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Put-Call Ratios on Stocks (07:22)

By Lawrence G. McMillan

This article was originally published in The Option Strategist Newsletter Volume 7, No. 22 on November 25, 1998. 

Using options as a contrary indicator to aid in predicting the forthcoming path of the underlying instrument is one of our favorite technical tools. When option speculators agree en masse about something, they are generally wrong. So, as astute traders we should do the opposite (the exception, of course, is in stock options where someone might be acting on inside information, in which case we would want to go along with them).

This newsletter always contains a "sentiment" section, where the put-call ratios are analyzed in this manner – that is, as a contrary indicator. Heretofore, we have only analyzed futures and index options from the viewpoint of the putcall ratio. That is mostly because their option volume is quite heavily speculative, and it's the speculative option volume that is the backbone of contrary analysis.

If the option volume is distorted with a lot of covered writes, arbitrage, etc., it is not as useful as a contrary sentiment indicator. Stock option trading tends to have more of these "distortions" than index and futures option do. In addition, there are often "stories" that affect the option trading in a stock – takeover rumors, for example – whereas those don't occur in futures or indices. In fact, some of these rumors are more than that – they are facts leaked in advance of a takeover or earnings surprises. In those cases, if one were to interpret heavy call buying, for example, as a contrarian sell signal, one would suffer greatly when the takeover occurred. Thus, it has been our wont to ignore option trading in individual stocks as a contrarian indicator for the price of the stock itself.

However, some recent information encouraged us to do more research on this matter. It turns out that put-call ratio contrarian analysis can be used on very large, liquid stocks that are generally not subject to being taken over. Once the “takeover” problem is eliminated, it seems that the put-call ratio for stocks pretty much behaves as it does for the moderately-reliable futures contracts. That is, there is still the problem of covered writes and arbitrage, but some excellent signals can be generated nevertheless.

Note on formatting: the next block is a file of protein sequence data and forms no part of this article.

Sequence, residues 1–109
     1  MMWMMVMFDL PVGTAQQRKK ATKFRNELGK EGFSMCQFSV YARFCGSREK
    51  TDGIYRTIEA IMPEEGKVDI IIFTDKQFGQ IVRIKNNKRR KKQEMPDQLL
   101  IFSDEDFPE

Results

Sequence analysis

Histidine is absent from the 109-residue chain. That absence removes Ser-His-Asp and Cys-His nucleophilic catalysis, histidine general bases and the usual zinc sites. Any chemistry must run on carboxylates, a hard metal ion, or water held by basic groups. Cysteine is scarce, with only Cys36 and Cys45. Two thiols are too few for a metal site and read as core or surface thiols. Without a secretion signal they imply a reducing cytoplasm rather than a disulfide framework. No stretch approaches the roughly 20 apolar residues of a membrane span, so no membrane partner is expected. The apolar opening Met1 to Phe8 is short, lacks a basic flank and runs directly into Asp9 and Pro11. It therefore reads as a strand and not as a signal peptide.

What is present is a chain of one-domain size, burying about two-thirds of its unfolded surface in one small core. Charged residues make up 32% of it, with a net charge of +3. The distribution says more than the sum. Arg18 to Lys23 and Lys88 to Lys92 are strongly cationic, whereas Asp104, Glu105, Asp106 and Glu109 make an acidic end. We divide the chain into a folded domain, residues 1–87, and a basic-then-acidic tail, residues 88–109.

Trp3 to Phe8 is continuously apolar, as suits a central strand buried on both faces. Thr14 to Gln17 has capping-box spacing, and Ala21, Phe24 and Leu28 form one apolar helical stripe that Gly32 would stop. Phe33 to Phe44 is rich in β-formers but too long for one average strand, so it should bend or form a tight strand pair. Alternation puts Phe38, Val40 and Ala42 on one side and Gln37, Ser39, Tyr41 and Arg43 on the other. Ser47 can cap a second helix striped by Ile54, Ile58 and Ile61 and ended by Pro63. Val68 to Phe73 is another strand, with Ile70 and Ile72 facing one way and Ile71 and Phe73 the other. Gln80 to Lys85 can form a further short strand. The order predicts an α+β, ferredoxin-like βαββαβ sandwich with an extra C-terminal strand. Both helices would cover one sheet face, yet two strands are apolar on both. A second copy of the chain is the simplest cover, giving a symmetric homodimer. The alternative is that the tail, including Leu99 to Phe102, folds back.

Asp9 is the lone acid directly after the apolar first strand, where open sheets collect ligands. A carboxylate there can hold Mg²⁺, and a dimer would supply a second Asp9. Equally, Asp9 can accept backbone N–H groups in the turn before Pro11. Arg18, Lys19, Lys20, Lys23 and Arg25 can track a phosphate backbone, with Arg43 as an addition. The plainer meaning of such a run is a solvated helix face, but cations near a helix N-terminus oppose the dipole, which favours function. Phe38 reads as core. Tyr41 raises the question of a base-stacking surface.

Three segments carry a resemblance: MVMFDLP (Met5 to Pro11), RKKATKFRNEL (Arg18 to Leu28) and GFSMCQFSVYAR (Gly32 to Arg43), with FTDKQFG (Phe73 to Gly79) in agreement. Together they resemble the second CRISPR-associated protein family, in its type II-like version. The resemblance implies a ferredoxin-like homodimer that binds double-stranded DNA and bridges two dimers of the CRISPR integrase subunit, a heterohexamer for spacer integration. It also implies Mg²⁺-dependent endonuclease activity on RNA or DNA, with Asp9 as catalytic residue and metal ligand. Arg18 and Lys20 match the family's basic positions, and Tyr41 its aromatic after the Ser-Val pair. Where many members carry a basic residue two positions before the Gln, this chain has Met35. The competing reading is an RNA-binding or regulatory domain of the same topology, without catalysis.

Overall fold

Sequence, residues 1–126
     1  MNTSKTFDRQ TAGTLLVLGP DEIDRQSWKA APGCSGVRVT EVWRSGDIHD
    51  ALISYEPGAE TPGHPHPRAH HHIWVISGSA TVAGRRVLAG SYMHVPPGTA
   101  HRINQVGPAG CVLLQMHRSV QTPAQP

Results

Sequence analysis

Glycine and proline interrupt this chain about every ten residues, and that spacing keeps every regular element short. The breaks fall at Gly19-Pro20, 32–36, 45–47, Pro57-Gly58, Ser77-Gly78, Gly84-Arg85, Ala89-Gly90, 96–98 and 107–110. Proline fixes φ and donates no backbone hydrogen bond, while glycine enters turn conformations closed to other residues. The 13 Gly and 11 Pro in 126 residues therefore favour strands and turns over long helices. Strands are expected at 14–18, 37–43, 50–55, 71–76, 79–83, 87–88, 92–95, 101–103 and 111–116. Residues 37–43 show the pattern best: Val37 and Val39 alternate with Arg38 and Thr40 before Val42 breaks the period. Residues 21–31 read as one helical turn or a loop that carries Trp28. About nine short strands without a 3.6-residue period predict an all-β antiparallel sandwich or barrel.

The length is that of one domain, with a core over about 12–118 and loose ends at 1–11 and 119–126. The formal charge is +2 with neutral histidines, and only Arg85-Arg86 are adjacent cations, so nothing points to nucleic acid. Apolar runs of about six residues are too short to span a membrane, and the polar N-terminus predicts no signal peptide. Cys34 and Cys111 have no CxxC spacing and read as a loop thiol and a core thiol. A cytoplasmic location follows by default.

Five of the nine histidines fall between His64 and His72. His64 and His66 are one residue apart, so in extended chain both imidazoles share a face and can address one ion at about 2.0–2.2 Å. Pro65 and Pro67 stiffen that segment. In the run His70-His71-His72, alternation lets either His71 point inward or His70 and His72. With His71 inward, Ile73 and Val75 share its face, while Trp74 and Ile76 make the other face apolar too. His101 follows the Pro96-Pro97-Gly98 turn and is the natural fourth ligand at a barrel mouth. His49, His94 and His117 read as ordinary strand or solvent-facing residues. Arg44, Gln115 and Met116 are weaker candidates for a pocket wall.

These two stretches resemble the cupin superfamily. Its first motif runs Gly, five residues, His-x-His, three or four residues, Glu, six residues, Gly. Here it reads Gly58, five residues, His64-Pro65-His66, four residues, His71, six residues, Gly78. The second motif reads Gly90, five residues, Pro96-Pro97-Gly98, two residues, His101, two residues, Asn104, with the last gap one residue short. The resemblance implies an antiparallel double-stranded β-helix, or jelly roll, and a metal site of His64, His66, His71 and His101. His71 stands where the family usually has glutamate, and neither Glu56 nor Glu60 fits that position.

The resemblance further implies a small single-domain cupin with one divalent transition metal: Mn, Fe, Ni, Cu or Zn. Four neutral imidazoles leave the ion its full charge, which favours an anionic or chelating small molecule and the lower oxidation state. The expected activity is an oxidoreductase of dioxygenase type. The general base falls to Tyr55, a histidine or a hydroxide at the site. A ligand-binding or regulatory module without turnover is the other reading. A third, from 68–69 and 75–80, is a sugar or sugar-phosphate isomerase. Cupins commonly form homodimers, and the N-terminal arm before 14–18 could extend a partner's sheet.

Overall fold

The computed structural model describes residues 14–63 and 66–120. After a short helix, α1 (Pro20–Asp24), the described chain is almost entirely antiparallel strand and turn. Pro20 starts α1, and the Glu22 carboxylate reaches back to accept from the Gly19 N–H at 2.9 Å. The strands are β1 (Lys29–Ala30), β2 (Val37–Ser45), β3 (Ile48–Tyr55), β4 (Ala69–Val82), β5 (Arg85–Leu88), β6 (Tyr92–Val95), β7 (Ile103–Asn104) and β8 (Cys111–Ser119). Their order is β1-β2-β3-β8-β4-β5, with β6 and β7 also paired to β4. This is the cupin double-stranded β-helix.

Consider IBM. The put-call chart of IBM is in the column on the right, just below its price chart. As is the usual interpretation, peaks in the put-call ratios show areas where “too many” puts are being bought, so by contrary theory those are buy points. Conversely, troughs in the ratio occur at points where “too many” calls are being bought, and thus are sell signals for contrarians. Those same buy and sell signals are then marked on the IBM price chart. Most of these are excellent buy and sell signals – only the sell signal in March of ‘98 is somewhat doubtful as to its profit potential.

Also shown are the charts for Intel (INTC). These signals are also favorable, although perhaps not as good as IBM’s. For example, the sell signal on about March 1st, 1998, would be a “good” signal only if one were able to ascertain that the put-call ratio had rolled over before the gap in Intel. It’s unclear whether or not that would be the case. Also, the buy signal in September ‘98 (marked with a small “b”) turned out to be a very good one, but one must question if he would actually have bought Intel when the put-call ratio rolled over to a buy signal at such a low level on its chart. Of course, we also know that Intel straddles were excellent buys in September, so one way or the other the bull run in Intel would have been captured. As you can see – and as you might well expect after having seen the huge recent bullish move in Intel’s price – the put-call ratio is very low right now, indicating that speculators are buying calls very heavily. Hence, a sell signal is imminent for Intel by this indicator.

We are in the process of finalizing this research on other largecap stocks. So far the results are promising, but we want to look back at longer-term charts to see if the put-call philosophy has held up over time for each of these stocks. In the end, we should have a group of bigcap stocks with very liquid options, and their put-call ratios will hopefully be good contrary indicators. Our research includes CSCO, DELL, DIS, GE, HWP, KO, MRK, MSFT, PFE, WCOM, and others. Enhancement of Put-Call Chart Service

Not only will we report that research to you in this newsletter, and use it for occasional recommendations, but we will be adding these stock put-call charts as a regular feature in our Put-Call Chart Service. For readers not familiar with that service, we currently email put-call charts on over 40 futures markets and sector indices each Friday to subscribers. The cost is $10 per month, plus a $10 one-time software setup fee; subscribers pay quarterly and can cancel at any time for a prorated refund. Please note that this service is available by email only – they cannot be mailed out. Just call 800-724-1817 if you are interested in a subscription.


This article was originally published in The Option Strategist Newsletter Volume 7, No. 22 on November 225, 1998.  

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